As luck would have it my canvassing partner on Election Day morning in the Burque (as locals call their fun city) was Hunter Riley, who just turns out to be one of the people in all of Albuquerque I most have wanted to meet and talk to. Hunter's a manager at Self Serve, the charming sex shop I'd called to get hooked up with the hippest activists in town—Young Women United, and writes the monthly sex positive column in the Santa Fe Reporter.
Spending the day into night with the valiant community that is Young Women United was like dying and going to activists' heaven. You cannot imagine a more skilled and sensitive execution of a GOTV campaign. They got results and built friendships, community, trust, and mutual respect all along the way. The food and caring was everywhere abundant, and one could relax knowing that one's fundamental humanity would be supported as we joined together to work our butts off to send this proposed abortion ban after 20 weeks—no exceptions—back to hell where it was conceived.
I took the opportunity at the break between morning and afternoon canvassing sessions to drive down Central Avenue past the enormous UNM campus (Go Lobos!) to Self Serve Resource Center to buy a bunch of condoms; they have a fabulous selection priced from 25 cents to $2.50, the top of the line being the thinnest yet safest available. Owner Matie inspires confidence, and she really informed me about the stock (all non-toxic products). Though I think she may have upsold me; my purchases ended up qualifying for the volume discount!
While there, I pitched Matie a Literary Reading Series that I'd conceived on the gorgeous drive down from Santa Fe that morning—The Strap-On Reading Series. Basically the idea is that every literary artist who would dare read in the series would read while wearing a strap-on. I think it would help Literature and I'd be happy to go first.
|Cormac McCarthy with a strap-on, anyone? George R.R. Martin...?|
Back at HQ we got some tentative positive numbers from the early voting and felt encouraged as we sortied out for the afternoon session, this time four of us in my little red Honda Fit, back over to the West Side. With all of us working together we covered our whole turf, and submitted our data via the Mini-van app on a smart phone in time to revel in one of those blazing New Mexico sunsets that turn the Sandias to coral.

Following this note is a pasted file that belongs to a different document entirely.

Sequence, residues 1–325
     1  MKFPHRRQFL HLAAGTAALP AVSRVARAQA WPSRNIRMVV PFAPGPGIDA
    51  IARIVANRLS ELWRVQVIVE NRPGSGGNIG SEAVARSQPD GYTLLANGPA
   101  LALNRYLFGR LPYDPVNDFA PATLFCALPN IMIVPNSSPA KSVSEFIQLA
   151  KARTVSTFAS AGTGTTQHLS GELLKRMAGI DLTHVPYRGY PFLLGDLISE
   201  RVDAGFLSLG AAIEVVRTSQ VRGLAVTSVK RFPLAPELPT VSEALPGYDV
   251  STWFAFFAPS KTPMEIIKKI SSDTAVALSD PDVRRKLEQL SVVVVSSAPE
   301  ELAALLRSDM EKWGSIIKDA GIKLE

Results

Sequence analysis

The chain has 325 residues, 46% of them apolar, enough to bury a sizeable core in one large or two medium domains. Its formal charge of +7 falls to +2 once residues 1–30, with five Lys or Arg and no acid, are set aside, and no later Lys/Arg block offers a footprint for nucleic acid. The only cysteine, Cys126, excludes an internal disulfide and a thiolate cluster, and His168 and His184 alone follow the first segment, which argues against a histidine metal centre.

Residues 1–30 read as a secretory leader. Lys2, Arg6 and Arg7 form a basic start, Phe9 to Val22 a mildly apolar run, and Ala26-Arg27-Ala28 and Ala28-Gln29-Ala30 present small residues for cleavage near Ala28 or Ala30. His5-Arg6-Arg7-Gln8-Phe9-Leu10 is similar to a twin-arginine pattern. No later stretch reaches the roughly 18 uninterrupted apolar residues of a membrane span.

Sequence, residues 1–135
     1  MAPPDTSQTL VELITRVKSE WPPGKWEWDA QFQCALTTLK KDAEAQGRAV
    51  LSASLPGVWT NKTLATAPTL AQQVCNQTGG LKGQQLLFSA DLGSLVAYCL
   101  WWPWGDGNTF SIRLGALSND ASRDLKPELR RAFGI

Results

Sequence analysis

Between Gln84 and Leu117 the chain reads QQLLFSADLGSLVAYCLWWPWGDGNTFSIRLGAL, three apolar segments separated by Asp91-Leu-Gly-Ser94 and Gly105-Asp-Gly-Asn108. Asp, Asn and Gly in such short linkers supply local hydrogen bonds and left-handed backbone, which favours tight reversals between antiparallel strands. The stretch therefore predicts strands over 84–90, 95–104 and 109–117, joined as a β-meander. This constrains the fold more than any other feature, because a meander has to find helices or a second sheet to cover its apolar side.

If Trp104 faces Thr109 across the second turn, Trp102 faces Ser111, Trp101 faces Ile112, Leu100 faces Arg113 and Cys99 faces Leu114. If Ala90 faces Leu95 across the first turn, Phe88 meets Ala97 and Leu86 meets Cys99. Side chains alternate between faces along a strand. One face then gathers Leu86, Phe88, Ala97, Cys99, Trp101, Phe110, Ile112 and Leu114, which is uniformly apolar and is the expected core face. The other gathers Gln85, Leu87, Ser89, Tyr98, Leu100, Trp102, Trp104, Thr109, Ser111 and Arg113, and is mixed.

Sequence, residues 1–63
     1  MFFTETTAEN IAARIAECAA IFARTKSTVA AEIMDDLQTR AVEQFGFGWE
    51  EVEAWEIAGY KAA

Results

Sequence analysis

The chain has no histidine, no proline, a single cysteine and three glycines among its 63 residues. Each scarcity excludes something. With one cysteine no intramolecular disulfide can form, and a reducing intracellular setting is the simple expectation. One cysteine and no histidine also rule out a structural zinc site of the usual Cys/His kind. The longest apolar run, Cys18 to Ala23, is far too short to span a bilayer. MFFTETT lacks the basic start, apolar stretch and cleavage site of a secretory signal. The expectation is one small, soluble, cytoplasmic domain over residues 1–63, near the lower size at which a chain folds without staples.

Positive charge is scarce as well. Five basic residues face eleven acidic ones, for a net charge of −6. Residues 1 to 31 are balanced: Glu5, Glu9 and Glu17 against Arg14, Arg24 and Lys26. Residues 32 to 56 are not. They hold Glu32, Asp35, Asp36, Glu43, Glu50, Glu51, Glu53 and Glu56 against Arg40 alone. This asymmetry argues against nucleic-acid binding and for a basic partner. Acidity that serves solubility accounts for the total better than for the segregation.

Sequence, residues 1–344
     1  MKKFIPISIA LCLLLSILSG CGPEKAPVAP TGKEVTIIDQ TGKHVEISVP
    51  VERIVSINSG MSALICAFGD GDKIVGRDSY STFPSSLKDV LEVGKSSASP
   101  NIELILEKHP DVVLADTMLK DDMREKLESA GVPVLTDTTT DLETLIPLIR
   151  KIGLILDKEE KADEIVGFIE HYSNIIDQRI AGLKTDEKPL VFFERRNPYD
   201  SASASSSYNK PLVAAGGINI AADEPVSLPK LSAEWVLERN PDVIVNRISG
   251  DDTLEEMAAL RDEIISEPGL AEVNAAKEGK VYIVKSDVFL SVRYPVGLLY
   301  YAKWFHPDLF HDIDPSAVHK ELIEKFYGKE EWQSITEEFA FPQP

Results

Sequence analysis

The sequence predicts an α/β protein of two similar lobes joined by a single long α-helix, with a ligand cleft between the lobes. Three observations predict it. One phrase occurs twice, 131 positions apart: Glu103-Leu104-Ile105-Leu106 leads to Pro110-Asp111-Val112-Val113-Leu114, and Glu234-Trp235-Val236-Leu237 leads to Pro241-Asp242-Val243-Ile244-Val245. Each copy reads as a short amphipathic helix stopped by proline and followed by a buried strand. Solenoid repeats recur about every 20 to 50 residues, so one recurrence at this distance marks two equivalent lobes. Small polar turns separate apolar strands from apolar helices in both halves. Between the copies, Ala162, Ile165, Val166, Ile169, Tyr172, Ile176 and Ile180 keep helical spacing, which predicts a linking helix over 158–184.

Before the polls closed I ran over to the Bareles Senior Center at the very end of 7th Street to vibe the atmosphere. Business was brisk as savvy voters rushed in during the last fifteen minutes to shut this thing down. I spoke with Janiece Jonsin, the sharp-eyed poll observer for the Respect Albuquerque Women campaign who had been on duty poised on a metal folding chair since 2pm. I asked her what motivated her to serve this campaign in today's capacity and for months previously organizing the phone-banking efforts in Santa Fe? “I was one of those women who had to have an illegal abortion. We never want to go back there. I think all women should have access to safe and legal abortions.”
|Miguel, who hails from California but has lived in ABQ the better part of three years, thinks the city wasted a lot of money on this special election.|
Likewise I asked Miguel, age 31, what had motivated him to cast his ballot on this day? “You know what? Good question. It shouldn't be legislated. People are good, I believe they make the best decisions in their interest.”
Our Victory Party was at the very stylish and swank Hotel Andaluz, walking distance from headquarters. All three local news affiliates plus Al Jezeerah America were in the room to document this historic pushback. Pure pleasure.
On the romantic ride back to Santa Fe, the moon and stars and vast blackness were my companions. Billie Holiday was on softly in the background and her velvety voice was mingling with all the other resonances from the marvelous encounters of the day.
Our bodies. Our lives. Our decisions.